Immune System, group of cells, molecules, and organs that act together to defend the body against foreign invaders that may cause disease, such as bacteria, viruses, and fungi. The health of the body is dependent on the immune system’s ability to recognize and then repel or destroy these invaders. The ability of the immune system to mount a response to disease is dependent on many complex interactions between the components of the immune system and the antigens on the invading pathogens, or disease-causing agents.
white blood cells only make up about 1 percent of blood, but their small number belies their immense importance. They play a vital role in the body’s immune system—the primary defense mechanism against invading bacteria, viruses, fungi, and parasites. They often accomplish this goal through direct attack, which usually involves identifying the invading organism as foreign, attaching to it, and then destroying it. This process is referred to as phagocytosis. White blood cells also produce antibodies, which are released into the circulating blood to target and attach to foreign organisms. After attachment, the antibody may neutralize the organism, or it may elicit help from other immune system cells to destroy the foreign substance. There are two varieties of white blood cells, namely lymphocytes and phagocytes, both of which interact with one another and with plasma proteins and other cell types to form the complex and highly effective immune system.
... of white blood cell, and two major classes of lymphocytes are T cells and B cells. T cells are critical immune system cells that help to destroy infected cells and ... destructive immune system cells such as macrophages, neutrophils, and T cells. Antibodies B cells are another critical type of immune system cell. They participate in the removal of foreign ...
Lymphocytes are specialized white blood cells whose function is to identify and destroy invading antigens. All lymphocytes begin as “stem cells” in the bone marrow, the soft tissue that fills most bone cavities, but they mature in two different places. Some lymphocytes mature in the bone marrow and are called B lymphocytes. B lymphocytes, or B cells, make antibodies, which circulate through the blood and other body fluids, binding to antigens and helping to destroy them.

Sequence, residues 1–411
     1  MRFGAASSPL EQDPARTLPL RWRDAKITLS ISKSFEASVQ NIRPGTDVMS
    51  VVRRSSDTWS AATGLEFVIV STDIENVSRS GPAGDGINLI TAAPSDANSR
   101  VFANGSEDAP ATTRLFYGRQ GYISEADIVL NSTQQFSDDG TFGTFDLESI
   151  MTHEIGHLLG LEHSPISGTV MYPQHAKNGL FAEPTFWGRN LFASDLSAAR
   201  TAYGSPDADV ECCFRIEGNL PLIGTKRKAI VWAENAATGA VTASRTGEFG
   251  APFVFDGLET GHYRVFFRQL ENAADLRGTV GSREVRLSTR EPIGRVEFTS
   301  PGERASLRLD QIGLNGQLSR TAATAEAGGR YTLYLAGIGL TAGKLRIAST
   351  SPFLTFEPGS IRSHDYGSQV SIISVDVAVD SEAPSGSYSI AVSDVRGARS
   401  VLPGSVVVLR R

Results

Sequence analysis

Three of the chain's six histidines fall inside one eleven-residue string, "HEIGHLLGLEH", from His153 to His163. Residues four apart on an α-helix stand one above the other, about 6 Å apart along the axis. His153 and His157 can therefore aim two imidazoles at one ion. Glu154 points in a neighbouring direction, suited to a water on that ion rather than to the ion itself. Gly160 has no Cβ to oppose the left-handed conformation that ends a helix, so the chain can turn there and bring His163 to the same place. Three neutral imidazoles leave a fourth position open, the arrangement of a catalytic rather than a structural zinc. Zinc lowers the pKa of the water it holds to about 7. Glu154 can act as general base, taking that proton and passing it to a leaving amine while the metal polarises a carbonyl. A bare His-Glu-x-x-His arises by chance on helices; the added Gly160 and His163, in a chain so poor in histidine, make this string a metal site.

Most contact between antigens and lymphocytes occurs in the lymphoid organs—the lymph nodes, spleen, and tonsils, as well as specialized areas of the intestine and lungs .Mature lymphocytes constantly travel through the blood to the lymphoid organs and then back to the blood again. This recirculation ensures that the body is continuously monitored for invading substances.
White blood cells are the mainstay of the immune system. Some white blood cells, known as phagocytes, play a function in immunity by surrounding, ingesting, and destroying invading bacteria and other foreign organisms in a process called phagocytosis (literally, “cell eating”), which is part of the inflammatory reaction. Phagocytes also play an important role in adaptive immunity in that they attach to invading antigens and deliver them to be destroyed by other components of the adaptive immune system.
When the body is first exposed to an antigen, several days pass before the adaptive immune response becomes active. Immune activity then rises, levels off, and falls. During following exposures to the same antigen, the immune system responds much more quickly and reaches higher levels. Because the first, or primary, immune response is slow, it cannot prevent disease, although it may help in recovery. In contrast, subsequent, or secondary, immune responses usually can prevent disease because the pathogen is detected, attacked, and destroyed before symptoms appear. This complete resistance to disease is called immunity and may be achieved through either active or passive immunization.
There are 2 main types of immunization-